The kirin (inexplicably hyphenated “ki-rin” in Dungeons and Dragons products going all the way back to the original D&D book Eldritch Wizardry, which preceded even Advanced Dungeons and Dragons—kirin, unhyphenated, is a Japanization of the Chinese 麒麟 qílín) is a mythical creature whose appearance portends the births and deaths of great rulers and sages. A deerlike beast with scaly skin, grand antlers and dragonish facial features, the kirin is often characterized in Western writing as the “Japanese unicorn” or “Chinese unicorn” because of its virtuousness and standoffishness and because it’s sometimes depicted as having a single horn rather than a pair of antlers. The link is reinforced in fifth-edition D&D, as both unicorns and kirin are categorized as celestials.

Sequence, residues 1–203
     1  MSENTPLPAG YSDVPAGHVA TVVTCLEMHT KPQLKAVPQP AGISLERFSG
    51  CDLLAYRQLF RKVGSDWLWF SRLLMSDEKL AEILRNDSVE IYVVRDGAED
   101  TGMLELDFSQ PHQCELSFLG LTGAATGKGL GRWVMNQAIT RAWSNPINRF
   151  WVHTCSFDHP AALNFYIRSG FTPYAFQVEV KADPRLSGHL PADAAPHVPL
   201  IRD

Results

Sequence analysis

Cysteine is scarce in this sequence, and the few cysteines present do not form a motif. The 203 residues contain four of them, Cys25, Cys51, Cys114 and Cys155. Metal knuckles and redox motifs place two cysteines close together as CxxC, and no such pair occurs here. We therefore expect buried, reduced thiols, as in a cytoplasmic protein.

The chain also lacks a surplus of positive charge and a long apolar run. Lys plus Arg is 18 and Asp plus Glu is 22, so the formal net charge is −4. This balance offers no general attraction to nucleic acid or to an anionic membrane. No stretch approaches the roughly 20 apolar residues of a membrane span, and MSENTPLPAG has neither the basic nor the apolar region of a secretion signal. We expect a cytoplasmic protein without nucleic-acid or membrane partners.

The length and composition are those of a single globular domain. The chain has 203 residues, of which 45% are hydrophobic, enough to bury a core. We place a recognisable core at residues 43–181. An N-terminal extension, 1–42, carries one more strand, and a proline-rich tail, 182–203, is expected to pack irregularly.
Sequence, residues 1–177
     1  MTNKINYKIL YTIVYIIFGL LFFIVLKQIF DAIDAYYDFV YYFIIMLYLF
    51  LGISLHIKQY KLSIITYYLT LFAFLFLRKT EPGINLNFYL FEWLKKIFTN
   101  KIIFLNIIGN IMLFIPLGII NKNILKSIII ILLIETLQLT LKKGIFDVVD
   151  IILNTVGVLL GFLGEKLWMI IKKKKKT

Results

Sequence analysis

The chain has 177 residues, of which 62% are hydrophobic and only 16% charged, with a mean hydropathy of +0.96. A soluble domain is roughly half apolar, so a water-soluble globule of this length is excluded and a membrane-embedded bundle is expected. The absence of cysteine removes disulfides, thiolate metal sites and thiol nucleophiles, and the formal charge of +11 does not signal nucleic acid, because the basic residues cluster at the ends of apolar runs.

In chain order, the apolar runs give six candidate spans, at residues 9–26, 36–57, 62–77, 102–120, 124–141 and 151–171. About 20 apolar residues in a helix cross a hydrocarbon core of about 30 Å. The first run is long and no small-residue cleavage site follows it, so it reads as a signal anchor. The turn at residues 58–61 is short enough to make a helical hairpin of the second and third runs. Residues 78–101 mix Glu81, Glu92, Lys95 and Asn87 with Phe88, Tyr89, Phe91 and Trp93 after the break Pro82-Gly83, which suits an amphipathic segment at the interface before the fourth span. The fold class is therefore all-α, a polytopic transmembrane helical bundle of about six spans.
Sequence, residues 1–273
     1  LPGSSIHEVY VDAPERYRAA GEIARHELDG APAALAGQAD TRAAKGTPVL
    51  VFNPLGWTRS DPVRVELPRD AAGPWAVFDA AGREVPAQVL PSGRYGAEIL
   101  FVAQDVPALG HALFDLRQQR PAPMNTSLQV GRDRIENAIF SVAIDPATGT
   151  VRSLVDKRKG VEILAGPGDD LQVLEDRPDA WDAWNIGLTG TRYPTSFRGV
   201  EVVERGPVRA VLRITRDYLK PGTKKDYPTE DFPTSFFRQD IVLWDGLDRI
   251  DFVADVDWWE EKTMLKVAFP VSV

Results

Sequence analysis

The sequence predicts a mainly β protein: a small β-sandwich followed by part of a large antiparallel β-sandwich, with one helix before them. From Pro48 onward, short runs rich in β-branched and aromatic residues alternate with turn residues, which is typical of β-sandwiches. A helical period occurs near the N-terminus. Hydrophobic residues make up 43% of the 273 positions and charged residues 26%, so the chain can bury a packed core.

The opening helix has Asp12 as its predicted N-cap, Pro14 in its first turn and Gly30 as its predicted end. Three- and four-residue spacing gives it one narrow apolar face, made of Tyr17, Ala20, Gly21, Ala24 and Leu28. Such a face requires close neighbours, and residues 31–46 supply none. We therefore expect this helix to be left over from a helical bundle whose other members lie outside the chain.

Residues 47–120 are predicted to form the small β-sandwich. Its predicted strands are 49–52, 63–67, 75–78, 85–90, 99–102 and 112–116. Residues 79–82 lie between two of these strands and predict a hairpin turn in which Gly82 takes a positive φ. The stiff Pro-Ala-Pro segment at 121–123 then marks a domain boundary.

Kirin are reclusive, and being lawful good, they prefer to avoid violent encounters. Combat with a kirin is going to take place in only two instances: Either a player character has attacked the kirin, or the kirin is fending off an intrusion by an intrinsically evil creature, such as a fiend or undead.
A kirin’s extraordinary Strength is nearly matched by its Intelligence, Wisdom and Charisma, making it one of the few creatures that’s equally well-suited to melee combat and spellcasting. With proficiency in Perception, it’s hard to catch by surprise, and with proficiency in Insight, it knows which of its opponents are genuinely hostile and which are simply misguided. (more…)